Twice-daily radiation therapy reduces mortality from head and neck cancer
Treating head and neck cancer patients with a twice-daily radiation therapy schedule combined with chemotherapy could save more lives, according to new research presented at the European Cancer Congress 2017.1
Around 600,000 people are diagnosed with head and neck cancer worldwide each year. It can be difficult to treat because the area of the body affected contains many vital structures, including those responsible for breathing, swallowing and speech. More than 90 percent of head and neck squamous cell cancers originate from the mucosal linings of the oral cavity, pharynx or larynx. Sixty to 80 percent of head and neck cancers are caused by the human papilloma virus (HPV). Head and neck cancers are treated by surgical removal of the cancer and lymph nodes, often followed by radiation and chemotherapy based on the extent of the disease.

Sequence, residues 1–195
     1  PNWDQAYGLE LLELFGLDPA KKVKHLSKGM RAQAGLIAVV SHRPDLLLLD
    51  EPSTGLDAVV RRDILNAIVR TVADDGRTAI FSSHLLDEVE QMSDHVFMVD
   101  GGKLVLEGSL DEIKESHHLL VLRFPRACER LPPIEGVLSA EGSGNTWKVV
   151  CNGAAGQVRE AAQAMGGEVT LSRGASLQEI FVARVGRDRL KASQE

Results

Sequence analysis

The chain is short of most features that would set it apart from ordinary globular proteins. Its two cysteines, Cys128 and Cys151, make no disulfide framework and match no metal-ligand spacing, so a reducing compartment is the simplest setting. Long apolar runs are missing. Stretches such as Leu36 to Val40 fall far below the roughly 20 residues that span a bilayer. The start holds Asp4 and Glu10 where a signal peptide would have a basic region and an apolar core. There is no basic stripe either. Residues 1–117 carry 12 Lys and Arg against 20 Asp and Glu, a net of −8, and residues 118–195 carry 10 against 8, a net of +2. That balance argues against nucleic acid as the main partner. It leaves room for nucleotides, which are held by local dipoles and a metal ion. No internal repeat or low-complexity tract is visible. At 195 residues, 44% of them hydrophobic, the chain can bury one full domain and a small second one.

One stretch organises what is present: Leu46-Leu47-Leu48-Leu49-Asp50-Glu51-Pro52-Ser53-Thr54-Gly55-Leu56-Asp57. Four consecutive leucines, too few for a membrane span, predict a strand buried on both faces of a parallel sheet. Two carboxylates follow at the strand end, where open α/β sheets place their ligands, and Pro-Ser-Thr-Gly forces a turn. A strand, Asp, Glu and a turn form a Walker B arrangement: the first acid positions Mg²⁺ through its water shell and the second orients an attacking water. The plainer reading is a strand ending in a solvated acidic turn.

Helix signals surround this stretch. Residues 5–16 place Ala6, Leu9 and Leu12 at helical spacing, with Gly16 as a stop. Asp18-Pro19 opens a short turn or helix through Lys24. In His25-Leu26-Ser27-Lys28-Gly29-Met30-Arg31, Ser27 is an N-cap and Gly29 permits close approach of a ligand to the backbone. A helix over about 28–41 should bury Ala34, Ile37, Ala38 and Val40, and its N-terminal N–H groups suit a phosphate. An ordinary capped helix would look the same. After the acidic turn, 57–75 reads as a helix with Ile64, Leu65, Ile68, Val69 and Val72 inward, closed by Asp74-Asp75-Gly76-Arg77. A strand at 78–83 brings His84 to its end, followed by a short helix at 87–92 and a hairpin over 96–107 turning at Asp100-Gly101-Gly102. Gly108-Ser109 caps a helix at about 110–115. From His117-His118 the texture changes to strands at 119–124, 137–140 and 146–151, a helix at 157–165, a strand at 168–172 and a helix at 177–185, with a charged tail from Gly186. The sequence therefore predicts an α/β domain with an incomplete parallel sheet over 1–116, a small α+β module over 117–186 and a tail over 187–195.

Doctors used a relatively new technique called a network meta-analysis to bring together data from 117 different clinical trials, including 28,804 patients from around the world to evaluate whether a twice-daily radiation treatment known as hyperfractionated radiotherapy in patients with cancer in their mouths, throats or voice boxes, that had already begun to spread to adjacent tissue is more effective. By splitting the daily radiation treatment in two portions, a higher and more effective radiation dose can be given to patients.
The doctors discovered that the twice-daily treatment, when combined with chemotherapy, reduced deaths by 20% compared to the best standard treatment of once-daily radiotherapy with chemotherapy. It also reduced the risk of the cancer getting worse by 23%.
This research provides good evidence for the benefits of treating advanced stage head and neck cancer patients with a combination of twice-daily radiation therapy and chemotherapy, compared to one or even none of these separately.
Reference: The European Cancer Organization. “Twice-daily radiation therapy cuts deaths from head and neck cancer.” no: 823, Proffered Papers: Head and Neck Cancer, 15.00 – 16.15 hrs (CET) Saturday 28 January 2017, Room Varmus.